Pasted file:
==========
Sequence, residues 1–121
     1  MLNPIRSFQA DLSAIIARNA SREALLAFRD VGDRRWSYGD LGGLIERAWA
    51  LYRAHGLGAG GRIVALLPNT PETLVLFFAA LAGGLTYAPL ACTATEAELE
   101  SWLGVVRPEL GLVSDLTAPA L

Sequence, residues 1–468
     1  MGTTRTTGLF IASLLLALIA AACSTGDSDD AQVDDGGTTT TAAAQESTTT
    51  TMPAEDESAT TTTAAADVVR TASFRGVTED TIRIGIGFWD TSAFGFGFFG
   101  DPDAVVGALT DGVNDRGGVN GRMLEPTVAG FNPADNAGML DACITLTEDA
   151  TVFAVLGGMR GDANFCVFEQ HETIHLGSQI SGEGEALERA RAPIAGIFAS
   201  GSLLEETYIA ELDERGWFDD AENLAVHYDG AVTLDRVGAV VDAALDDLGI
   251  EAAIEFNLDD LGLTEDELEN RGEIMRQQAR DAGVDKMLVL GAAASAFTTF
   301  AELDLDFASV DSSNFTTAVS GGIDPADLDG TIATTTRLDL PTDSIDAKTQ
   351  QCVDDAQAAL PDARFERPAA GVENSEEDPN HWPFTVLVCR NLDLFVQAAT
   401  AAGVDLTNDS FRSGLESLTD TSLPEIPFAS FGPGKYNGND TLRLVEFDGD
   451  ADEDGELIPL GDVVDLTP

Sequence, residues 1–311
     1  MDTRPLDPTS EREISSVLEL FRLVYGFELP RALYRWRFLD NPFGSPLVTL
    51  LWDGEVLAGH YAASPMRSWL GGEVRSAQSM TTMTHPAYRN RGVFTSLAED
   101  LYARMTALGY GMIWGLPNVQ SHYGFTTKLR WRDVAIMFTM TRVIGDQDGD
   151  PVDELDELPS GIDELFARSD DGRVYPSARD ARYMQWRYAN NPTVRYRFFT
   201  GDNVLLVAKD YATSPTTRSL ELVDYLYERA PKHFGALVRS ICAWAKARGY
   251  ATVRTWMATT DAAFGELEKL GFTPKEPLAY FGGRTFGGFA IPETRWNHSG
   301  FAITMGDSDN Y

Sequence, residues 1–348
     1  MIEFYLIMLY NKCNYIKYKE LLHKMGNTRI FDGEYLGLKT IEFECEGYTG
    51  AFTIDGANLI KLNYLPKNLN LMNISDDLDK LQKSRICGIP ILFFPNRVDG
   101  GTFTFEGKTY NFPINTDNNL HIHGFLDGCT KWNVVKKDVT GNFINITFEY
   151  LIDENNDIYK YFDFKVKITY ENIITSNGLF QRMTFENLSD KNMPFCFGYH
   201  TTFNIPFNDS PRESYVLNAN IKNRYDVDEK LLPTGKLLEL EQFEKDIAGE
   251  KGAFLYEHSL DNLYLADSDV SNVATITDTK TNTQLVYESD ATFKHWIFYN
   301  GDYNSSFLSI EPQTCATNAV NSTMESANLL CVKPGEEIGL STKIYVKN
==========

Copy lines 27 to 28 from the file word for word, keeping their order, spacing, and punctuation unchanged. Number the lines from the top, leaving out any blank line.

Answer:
   101  GTFTFEGKTY NFPINTDNNL HIHGFLDGCT KWNVVKKDVT GNFINITFEY
   151  LIDENNDIYK YFDFKVKITY ENIITSNGLF QRMTFENLSD KNMPFCFGYH